June 30th, 2007
Scott Kimball is interviewed by FBI Special Agent Jonathan Grusing and Lafayette police detective Gary Thatcher at the Cascade County Detention Facility in Great Falls, Mont.
Asked about the disappearances of Jennifer Marcum, Kaysi McLeod and Terry Kimball, he offers to provide information about Jennifer and his uncle if given immunity for his white-collar crimes. Kaysi, he tells the investigators, is still alive.
During the six-hour interview, Kimball makes statements like: “I can’t incriminate myself any further” and “I wish I could be honest with you.”
September 29th, 2007
Bushwhacking through a dense section of Routt National Forest in the shadow of Little Haystack Mountain, a hunter finds a human skeleton.
“If I hadn’t been at that exact spot at that time of the morning with the sun glinting off the skull, I would not have seen it,” said the hunter, a Brighton resident who asked that his name not be used. “Something happened. Somebody wanted me to find it.”
With snow in the forecast, the hunter ties a rope to a tree to mark his find, packs the skull carefully in his backpack, and continues his trek.
He calls 911 the next day, and the Jackson County coroner takes possession of the remains, thought to belong to a young woman.
The Sheriff’s Office writes up a full report, and the Colorado Bureau of Investigation is notified, but news of the find doesn’t reach the FBI for six months.
October 11th, 2007
Investigating Jennifer Marcum’s disappearance, FBI Special Agent Jonathan Grusing and Lafayette police detective Gary Thatcher interview Steve Ennis, who shared a cell with Scott Kimball at FCI-Englewood while dating Jennifer.
Ennis — being held at a federal prison in Seagoville, Texas — tells the investigators of another former FCI-Englewood inmate with an eerily similar story.
Like Ennis, this inmate had become friends with Kimball behind bars in 2002. Like Ennis, he had put Kimball in touch with a girlfriend upon his release.
Both women went missing within weeks.
Talk to Steven Holley, Ennis told the investigators.
Holley, the inmate who had dated LeAnn Emry, had never had his own plea for an FBI interview granted.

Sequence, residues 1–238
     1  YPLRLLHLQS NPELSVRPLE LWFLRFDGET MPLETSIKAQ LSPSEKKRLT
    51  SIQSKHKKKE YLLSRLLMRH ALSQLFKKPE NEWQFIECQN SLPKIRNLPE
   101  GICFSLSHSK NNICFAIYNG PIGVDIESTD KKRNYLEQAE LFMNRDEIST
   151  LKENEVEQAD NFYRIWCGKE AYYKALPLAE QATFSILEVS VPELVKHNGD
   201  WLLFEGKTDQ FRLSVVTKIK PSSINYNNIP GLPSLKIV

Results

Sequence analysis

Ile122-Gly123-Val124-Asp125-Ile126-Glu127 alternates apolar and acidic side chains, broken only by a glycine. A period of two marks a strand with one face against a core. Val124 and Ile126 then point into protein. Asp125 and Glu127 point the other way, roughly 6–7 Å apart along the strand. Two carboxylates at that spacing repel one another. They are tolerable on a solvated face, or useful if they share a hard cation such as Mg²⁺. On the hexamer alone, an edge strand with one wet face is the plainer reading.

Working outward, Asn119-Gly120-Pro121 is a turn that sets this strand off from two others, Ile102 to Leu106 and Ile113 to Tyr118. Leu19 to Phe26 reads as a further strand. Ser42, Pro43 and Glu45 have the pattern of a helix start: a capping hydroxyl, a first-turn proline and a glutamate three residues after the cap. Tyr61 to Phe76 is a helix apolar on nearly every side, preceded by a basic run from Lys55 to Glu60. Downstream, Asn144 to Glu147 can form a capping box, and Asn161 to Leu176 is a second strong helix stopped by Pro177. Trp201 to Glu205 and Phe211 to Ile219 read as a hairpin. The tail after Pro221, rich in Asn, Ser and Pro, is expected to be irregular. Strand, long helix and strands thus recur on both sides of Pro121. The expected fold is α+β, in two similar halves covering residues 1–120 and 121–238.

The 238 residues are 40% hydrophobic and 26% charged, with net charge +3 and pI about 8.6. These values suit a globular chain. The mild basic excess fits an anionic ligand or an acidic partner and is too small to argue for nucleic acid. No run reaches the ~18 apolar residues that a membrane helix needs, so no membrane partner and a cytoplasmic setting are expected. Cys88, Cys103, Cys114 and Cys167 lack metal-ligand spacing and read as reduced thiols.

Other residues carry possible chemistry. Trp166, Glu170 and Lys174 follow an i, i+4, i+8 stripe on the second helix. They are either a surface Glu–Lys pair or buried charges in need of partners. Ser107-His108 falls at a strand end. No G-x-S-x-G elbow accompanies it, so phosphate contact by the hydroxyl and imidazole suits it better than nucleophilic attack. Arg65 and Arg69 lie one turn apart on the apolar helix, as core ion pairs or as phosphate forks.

October 29th, 2007
FBI Special Agent Jonathan Grusing calls Howard Emry at home in Payette, Idaho, and asks to speak to his daughter, LeAnn.
“She’s been missing for nearly five years now,” Emry replies.
He tells the agent he fears LeAnn was killed back in January 2003.
Find “Hannibal,” he says. “That’s who murdered my daughter.”
October 31st, 2007
FBI Special Agent Jonathan Grusing and Lafayette police detective Gary Thatcher interview Steven Holley at the federal prison in Florence, Colo.
They learn that his girlfriend, LeAnn Emry, had been with Scott Kimball in the month before she disappeared on Jan. 29, 2003.
Holley, who spent time in the same unit as Kimball at FCI-Englewood in 2002, said Kimball went by the name “Hannibal.”
November 19th, 2007
Investigators find Kaysi McLeod’s Subway hat in a trailer owned by Scott Kimball. It is found in a black bag containing six zip ties, two rolls of electrical tape, and women’s shoes.
January 22nd, 2008
Scott Kimball pleads guilty in federal court in Denver to one count of possessing a firearm as a felon. He is scheduled for sentencing five months later.
Nagged by a $17.95 grocery store receipt found in Scott Kimball’s possessions, FBI Special Agent Jonathan Grusing decides to take a closer look around Walden, Colo.
The receipt — dated Aug. 24, 2003, one day after the disappearance of Kaysi McLeod. — came from the North Park Supers store in the tiny northern Colorado mountain town.
Scott Kimball, who said he was alone in the mountains the day Kaysi disappeared, had later told Grusing that she might have overdosed on drugs somewhere on national forest land.
Grusing calls the Routt National Forest district office in Walden to ask for a map of the area, and a receptionist tells him it costs $8.
In no mood to fill out an expense sheet, Grusing asks to talk to someone higher up the chain of command.
He tells supervisor Sue Yeager he’s with the FBI and is searching for human remains. She says she’ll get some maps out right away.
Then, almost as an afterthought, she tells him to talk to the coroner. A skull, likely belonging to a young female, had been discovered by a hunter six months earlier in a remote area southwest of town.
“When she told me that, I pretty much knew it was Kaysi,” Grusing recalls.
An initial DNA analysis 2 1/2 weeks later will point to the same conclusion.
July 9th, 2008
A final DNA analysis at the FBI’s lab in Quantico, Va., identifies the remains found in Routt National Forest the previous fall as those of Kaysi McLeod.
Investigators, along with Kaysi’s family, will return to the site looking for evidence, but nothing is uncovered.
July 17th, 2008
In a search of Scott Kimball’s former Adams County home, at 14701 Huron St., investigators find bloodstains in the living-room carpet, carpet pad and floorboards. They cut out samples and sent them to the FBI lab for analysis.
October 3rd, 2008
Lori McLeod’s marriage to Scott Kimball is declared invalid.
Married since Aug. 31, 2003, the couple had separated years earlier.
December 17th, 2008
Boulder County prosecutors make a deal with Scott Kimball.
He pleads guilty to stealing $55,000 from Lafayette optometrist Cleve Armstrong as a habitual offender, and is sentenced to 48 years in prison.